- Opera: Many of the original Terrytoons shorts had all their dialogue sung, opera-style.
- Panty Shot: Seen here in 1945's The Port Of Missing Mice and here in the same year's Mighty Mouse and the Wolf. Pearl had a couple, albeit she was wearing ankle-length pantaloons.
- Pint-Sized Powerhouse: Mighty Mouse in his theatrical appearances.
- Power-Up Food: In Mighty Mouse's first apperance (when he was called Super Mouse) he gained his powers after going into a "Supermarket" and eating various Super-named foods. While he was shown eating super products to do this at least twice (in "The Mouse of Tomorrow" and "Frankenstein's Cat") it seemed to become permanent after that.
- Stealth Pun: Delivered by, of all characters, Pearl Pureheart:
Narrator: Pearl will never give up hope. We hear her say...
Pearl: I will never give up hope. He's my favorite radio comedian!
- Recycled in Space: The 1970's version and movie.
- Romani: In the short "Gypsy Life".
- Snap Back
- Smug Super
- Space Opera
- Unwilling Suspension: Happened to Pearl in "Love's Labor Won" (hanging from a clothesline by her toes) "The Perils Of Pearl Pureheart" (hung by one foot), "Sunny Italy" (ditto), "A Swiss Miss" (hung by her waist), and "Happy Holland" (used as Harry's marionette)
- The Voiceless: Prior to Mighty Mouse Playhouse and everything else after, he was this--that is, unless he was singing.
- He did talk after Playhouse. In the three TV-budget shorts from 1959 and 1961, he was voiced by Tom Morrison, who also voiced him in the titles and bumpers for the TV show. The only other time he talked as opposed to sing was in 1942's Frankenstein's Cat,' where he interrogates the title monster who has swallowed a helpless bird:
Super Mouse: What didja do with da boid? (slaps monster in the face) So ya won't talk, eh?
- What Could Have Been: A CGI movie of Mighty Mouse, produced jointly by Paramount and Nickelodeon (which would have produced a subsequent TV series) has been in limbo for a few years now.
- "Instant Fat," a 1964 cartoon, was storyboarded but never made.
- William Telling: Done by Mighty Mouse in "Gypsy Life", apparently for no reason other than to make a nice entrance.
Mighty Mouse: The New Adventures provides examples of:
- Affectionate Parody: Bat-Bat and The League of Super-Rodents are affectionate parodies of DC and Marvel superheroes.
- Blatant Lies: Why, it was how the show actually came to be. However, that story is best left to the Mighty Mouse quotes page.
- Blunt Metaphors Trauma / Disregard That Statement: in Mighty's Wedlock Whimsy, a cautionary tale where Mighty Mouse proposes to Pearl, Deputy Dawg is conducting the wedding and starts it with "You have the right to remain silent...anything you say can be used against you..."
- Deranged Animation: Yes, a heaping pile of it.
- Executive Meddling: Subverted, then played straight. Until the "crushed flower controversy", the network didn't care what Bakshi and co. produced each week.
- Also of note: Season 2's "Bat With A Golden Tongue" was presumed to be a make-good for the "crushed flower" scene in that it entailed Mighty Mouse's efforts to break Bat-Bat of his joke-telling addiction. Bat-Bat's final line to the viewers was "Just say no to canned laughter." For some reason, McDonald's took umbrage and threatened to pull its advertising if the line was not removed. The day before the episode aired, the Bakshi studio replaced the line with a stock scream.
- Ink Suit Actor: Loose caricatures of Michael Jackson and William Shatner are seen in "A Star Is Milked." Ralph Bakshi's caricature turns up frequently throughout the series.
- In issue #10 of the Marvel comic, Pat Sajak, Johnny Carson, Ed McMahon, David Letterman, Andrew "Dice" Clay and Arsenio Hall are caricatured as funny animals.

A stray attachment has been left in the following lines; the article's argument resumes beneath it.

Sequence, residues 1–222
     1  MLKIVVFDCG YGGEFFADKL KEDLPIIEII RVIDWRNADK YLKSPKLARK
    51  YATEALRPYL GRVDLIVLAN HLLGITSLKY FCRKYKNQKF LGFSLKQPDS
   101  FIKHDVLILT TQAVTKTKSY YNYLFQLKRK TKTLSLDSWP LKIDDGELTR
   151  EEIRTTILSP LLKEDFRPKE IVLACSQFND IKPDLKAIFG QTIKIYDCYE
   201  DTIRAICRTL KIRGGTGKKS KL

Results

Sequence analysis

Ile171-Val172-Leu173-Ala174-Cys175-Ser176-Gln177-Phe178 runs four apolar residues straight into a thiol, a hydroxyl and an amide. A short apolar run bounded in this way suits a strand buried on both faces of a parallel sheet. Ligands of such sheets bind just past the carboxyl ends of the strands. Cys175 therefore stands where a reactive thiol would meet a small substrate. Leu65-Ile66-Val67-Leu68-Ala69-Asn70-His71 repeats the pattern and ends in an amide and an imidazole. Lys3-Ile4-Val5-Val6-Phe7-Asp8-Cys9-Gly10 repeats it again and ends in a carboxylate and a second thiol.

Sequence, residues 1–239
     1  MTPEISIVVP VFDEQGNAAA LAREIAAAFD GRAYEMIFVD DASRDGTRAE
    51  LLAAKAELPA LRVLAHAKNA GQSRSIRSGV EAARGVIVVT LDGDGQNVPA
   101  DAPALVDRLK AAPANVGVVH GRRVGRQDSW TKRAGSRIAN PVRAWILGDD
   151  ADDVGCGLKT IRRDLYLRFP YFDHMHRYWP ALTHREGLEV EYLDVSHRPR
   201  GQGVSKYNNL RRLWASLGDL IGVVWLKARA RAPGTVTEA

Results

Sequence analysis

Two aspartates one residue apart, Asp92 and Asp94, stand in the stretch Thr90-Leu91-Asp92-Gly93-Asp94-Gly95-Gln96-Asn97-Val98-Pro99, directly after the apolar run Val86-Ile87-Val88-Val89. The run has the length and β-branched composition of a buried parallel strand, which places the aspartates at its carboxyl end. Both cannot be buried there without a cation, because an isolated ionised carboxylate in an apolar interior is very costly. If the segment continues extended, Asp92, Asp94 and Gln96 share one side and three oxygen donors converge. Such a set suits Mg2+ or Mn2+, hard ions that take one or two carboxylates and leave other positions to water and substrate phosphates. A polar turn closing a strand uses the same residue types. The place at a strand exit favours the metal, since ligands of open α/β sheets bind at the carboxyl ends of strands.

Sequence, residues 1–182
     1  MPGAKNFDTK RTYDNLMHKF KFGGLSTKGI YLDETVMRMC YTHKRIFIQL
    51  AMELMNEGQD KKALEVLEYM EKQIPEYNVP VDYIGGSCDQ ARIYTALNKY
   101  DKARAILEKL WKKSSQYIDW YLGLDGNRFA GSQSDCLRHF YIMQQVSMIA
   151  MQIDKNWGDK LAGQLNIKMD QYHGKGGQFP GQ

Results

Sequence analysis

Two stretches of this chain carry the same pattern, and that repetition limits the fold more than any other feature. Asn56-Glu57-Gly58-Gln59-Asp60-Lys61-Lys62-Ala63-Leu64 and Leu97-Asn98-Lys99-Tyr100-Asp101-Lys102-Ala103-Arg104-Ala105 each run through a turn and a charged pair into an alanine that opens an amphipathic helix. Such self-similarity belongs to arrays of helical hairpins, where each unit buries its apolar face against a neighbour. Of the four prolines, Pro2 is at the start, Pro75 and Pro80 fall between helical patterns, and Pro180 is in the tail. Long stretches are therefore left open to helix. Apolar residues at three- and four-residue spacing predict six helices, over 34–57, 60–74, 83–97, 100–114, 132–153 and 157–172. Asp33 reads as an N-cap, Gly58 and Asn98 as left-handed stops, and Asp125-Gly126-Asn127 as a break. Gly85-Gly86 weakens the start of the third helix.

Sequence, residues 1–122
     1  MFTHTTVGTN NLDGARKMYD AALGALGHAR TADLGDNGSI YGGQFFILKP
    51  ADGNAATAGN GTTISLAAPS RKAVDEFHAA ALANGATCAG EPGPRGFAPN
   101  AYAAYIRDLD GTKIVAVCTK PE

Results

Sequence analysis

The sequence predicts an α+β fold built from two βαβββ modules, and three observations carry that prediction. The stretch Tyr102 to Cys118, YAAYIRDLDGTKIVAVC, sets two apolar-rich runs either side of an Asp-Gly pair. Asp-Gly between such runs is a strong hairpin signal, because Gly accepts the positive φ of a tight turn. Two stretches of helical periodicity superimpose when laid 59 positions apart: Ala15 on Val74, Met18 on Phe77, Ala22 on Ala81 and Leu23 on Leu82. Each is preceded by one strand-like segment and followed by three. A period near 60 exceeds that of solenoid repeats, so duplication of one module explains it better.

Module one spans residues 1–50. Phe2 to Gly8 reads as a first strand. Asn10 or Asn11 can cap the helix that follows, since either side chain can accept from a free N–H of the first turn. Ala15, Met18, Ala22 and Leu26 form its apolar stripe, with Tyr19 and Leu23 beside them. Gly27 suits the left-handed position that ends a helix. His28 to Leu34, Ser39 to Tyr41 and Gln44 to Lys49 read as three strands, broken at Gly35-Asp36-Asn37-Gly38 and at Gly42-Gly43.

- Mythology Gag: In Mighty's Wedlock Whimsy, Mighty Mouse is being goaded into proposing marriage to Pearl, when James Hound (an obscure Terrytoons character from the mid 60s) appears as his conscience:
Mighty Mouse: Hey! How come my conscience is James Hound? Don't I rate a cute cricket?
- In the episode "Witch Tricks," Scrappy sings the Mighty Mouse Playhouse theme.
- In issue #10 of the Marvel comic, Pearl Pureheart boycotts the rest of the issue because of Andrew "Mice" Clay's appearance. This refers to Nora Dunne refusing to appear on Saturday Night Live at the time due to Andrew "Dice" Clay's appearance.
The Cow: Bad moooove! Your career's Nora Dunne now!
- Off-Model: Despite vibrant colors and energetic poses, the animation had choppy animation problems (few frames per second) and instances when Mighty Mouse is bigger than the size he's supposed to be. This is probably since it was animated in Taiwan instead of the United States.
- Stock Footage: The high-quality animation came at a cost. To keep down costs, some episodes are comprised entirely of old footage of 1950s Mighty Mouse cartoons with a new soundtrack. You can pretty much skip these on the DVD, unless you're a big fan of the poor covers of 1960s songs they play in the background.
- Take That: "Don't Touch That Dial" is a particularly biting satire of Hanna-Barbera, Anime, and the The Dark Age of Animation of the 1980's.
- Season 2 episode "Day of The Mice" has Mighty Mouse knocking a ginormous Pee-wee Herman on his back.
Mighty Mouse: I've waited a whole season to do this!
- "Anatomy of a Milquetoast" bites the hand that feeds it: using footage from season 1 with the dialogue altered, most notably from "It's Scrappy's Birthday," the hobo chums of Scrappy's hobo companion appear in their train boxcar. The hobo's new line is "Hey, look...the network boards are here!"
- "The Bride of Mighty Mouse" features a villainous parody of Howard Roark.
- Tertiary Sexual Characteristics: Mighty Mouse's eyelashes caused some uncomfortable Viewer Gender Confusion for some young viewers...
- The Renaissance Age of Animation
- Two Shorts
- What Could Have Been: The sudden appearance of a cartoon Merv Griffin was cut out at the last moment from "Night Of The Bat-Bat." It would be used in the unedited edition of the scene in the series finale, "Mighty's Tone Poem."